In Month After Charlottesville, Papers Spent as Much Time Condemning Anti-Nazis as Nazis

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In Month After Charlottesville, Papers Spent as Much Time Condemning Anti-Nazis as Nazis

The media’s “both sides” fetish is uniquely unsuited for the Trump era.

With a major publication like Politico expressly telling its reporters to avoid criticism of “physical attacks on journalists and white supremacy” on social media—so as to not appear “partisan”—one is compelled to ask, of what use is the pretense of “objectivity”?

"With a major publication like Politico expressly telling its reporters to avoid criticism of “physical attacks on journalists and white supremacy” on social media—so as to not appear “partisan”—one is compelled to ask, of what use is the pretense of 'objectivity'?"(Photo by Chip Somodevilla/Getty Images)

Since the Charlottesville attack a month ago, a review of commentary in the six top broadsheet newspapers—the Wall Street Journal, New York Times, USA Today, LA Times, San Jose Mercury News and Washington Post—found virtually equal amounts of condemnation of fascists and anti-fascist protesters.

Between August 12 and September 12, these papers ran 28 op-eds or editorials condemning the anti-fascist movement known as antifa, or calling on politicians to do so, and 27 condemning neo-Nazis and white supremacists, or calling on politicians—namely Donald Trump—to do so.

For the purposes of this survey, commentary that drew a comparison between antifa and neo-Nazis, but devoted the bulk of its argument to condemning antifa, was categorized as anti-antifa. There were no op-eds or editorials framed as condemnations of “both sides” that spent as much or more time condemning or criticizing neo-Nazis. The “both sides” frame—which was employed by Donald Trump in the wake of the attack, and endorsed by white supremacist David Duke—was almost always used a vehicle to highlight and denounce antifa, with a “to be sure” line about neo-Nazis thrown in for good measure. A breakdown of the op-eds and editorials can be found here.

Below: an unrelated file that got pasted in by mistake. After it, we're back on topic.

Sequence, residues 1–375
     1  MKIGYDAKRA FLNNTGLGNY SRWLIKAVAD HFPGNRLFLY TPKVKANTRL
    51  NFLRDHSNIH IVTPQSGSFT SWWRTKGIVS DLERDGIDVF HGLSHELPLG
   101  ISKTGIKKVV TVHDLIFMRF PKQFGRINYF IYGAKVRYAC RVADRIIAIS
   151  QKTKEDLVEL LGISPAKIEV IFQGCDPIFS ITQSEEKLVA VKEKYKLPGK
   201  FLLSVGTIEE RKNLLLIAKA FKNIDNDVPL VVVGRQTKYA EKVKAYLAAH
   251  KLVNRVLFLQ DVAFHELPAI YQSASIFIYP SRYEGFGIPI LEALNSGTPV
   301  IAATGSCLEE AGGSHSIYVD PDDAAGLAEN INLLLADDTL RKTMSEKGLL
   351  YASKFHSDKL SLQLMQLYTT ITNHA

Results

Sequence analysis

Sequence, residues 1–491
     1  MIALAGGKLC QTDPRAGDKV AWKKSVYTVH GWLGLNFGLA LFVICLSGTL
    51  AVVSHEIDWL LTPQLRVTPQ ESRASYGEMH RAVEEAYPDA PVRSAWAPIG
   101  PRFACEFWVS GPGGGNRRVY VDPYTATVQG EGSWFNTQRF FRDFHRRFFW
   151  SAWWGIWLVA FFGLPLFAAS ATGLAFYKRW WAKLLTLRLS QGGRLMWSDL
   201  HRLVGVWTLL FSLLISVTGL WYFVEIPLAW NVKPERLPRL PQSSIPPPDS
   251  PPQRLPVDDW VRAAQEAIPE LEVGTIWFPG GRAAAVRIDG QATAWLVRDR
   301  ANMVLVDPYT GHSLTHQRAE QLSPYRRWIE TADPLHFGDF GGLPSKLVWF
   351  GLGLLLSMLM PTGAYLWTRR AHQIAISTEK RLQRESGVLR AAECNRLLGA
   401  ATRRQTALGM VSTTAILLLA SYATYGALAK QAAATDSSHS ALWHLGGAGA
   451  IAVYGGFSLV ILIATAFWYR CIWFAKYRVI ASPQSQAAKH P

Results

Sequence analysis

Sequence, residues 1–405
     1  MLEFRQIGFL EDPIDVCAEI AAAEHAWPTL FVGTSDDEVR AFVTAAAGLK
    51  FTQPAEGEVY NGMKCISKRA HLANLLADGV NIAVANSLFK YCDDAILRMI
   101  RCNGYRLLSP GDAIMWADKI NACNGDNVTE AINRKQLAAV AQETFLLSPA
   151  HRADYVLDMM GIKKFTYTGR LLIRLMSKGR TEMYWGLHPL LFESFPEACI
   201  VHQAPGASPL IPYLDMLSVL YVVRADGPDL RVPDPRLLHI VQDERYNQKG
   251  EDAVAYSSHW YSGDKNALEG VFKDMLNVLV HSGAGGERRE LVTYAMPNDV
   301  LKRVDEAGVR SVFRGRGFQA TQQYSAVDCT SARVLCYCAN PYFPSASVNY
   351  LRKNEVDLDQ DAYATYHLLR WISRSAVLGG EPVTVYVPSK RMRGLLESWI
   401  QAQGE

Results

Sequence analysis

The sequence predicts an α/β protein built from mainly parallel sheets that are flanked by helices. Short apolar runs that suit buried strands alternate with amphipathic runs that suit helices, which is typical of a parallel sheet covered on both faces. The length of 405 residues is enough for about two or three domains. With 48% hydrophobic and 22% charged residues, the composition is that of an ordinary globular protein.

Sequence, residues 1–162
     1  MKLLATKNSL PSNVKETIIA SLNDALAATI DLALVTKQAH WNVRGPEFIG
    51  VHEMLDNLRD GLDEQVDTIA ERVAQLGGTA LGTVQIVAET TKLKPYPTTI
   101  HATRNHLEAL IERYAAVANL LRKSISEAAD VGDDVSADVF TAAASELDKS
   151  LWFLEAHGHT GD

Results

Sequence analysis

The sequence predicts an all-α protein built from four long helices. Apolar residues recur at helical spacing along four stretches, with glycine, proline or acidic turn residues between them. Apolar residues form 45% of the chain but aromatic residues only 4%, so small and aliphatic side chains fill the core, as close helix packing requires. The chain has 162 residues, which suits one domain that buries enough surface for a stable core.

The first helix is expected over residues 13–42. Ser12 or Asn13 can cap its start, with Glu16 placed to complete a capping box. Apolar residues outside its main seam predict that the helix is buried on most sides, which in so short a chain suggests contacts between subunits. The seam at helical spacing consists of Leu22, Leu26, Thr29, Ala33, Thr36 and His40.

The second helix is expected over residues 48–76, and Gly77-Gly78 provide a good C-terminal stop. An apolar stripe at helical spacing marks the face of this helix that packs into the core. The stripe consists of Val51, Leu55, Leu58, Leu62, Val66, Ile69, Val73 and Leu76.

While most “both sides” columns added a qualifier clarifying that there was no moral equivalency between antifa and neo-Nazis, this framing could not help but imply that there was. And a few explicitly argued that, yes, anti-fascism was just as bad as fascism:

  • Marc Theissen: “Yes, Antifa Is the Moral Equivalent of Neo-Nazis” (Washington Post, 8/17/17)
  • James S. Robbins: “Trump Is Right—Violent Extremists on Both Sides Are a Threat” (USA Today, 8/30/17)
  • Alan Dershowitz: “The Hard Right and Hard Left Pose Different Dangers” (Wall Street Journal, 9/10/17)

Alan Dershowitz’s op-ed took it slightly further than the others, seeming to suggest “antifa” was actually more dangerous, though the famous litigator played coy with this implication:

The danger posed by the extreme hard left is more about the future. Leaders of tomorrow are being educated today on campus. The tolerance for censorship and even violence to suppress dissenting voices may be a foretaste of things to come.

The Washington Post* and New York Times published markedly more critiques of neo-Nazis than of antifa: the Post by five to two and the Times 13 to five. This was in contrast to the coverage in the Wall Street Journal—five antifa condemnations and no anti-Nazi ones–and USA Today, which featured seven anti-antifa pieces and only three opposing white supremacists or calling on Trump to do so. The LA Times and Mercury News were basically split down the middle, with the former publishing six anti-antifa and five anti-Nazi takes, and the latter publishing three against antifa and two against Nazis.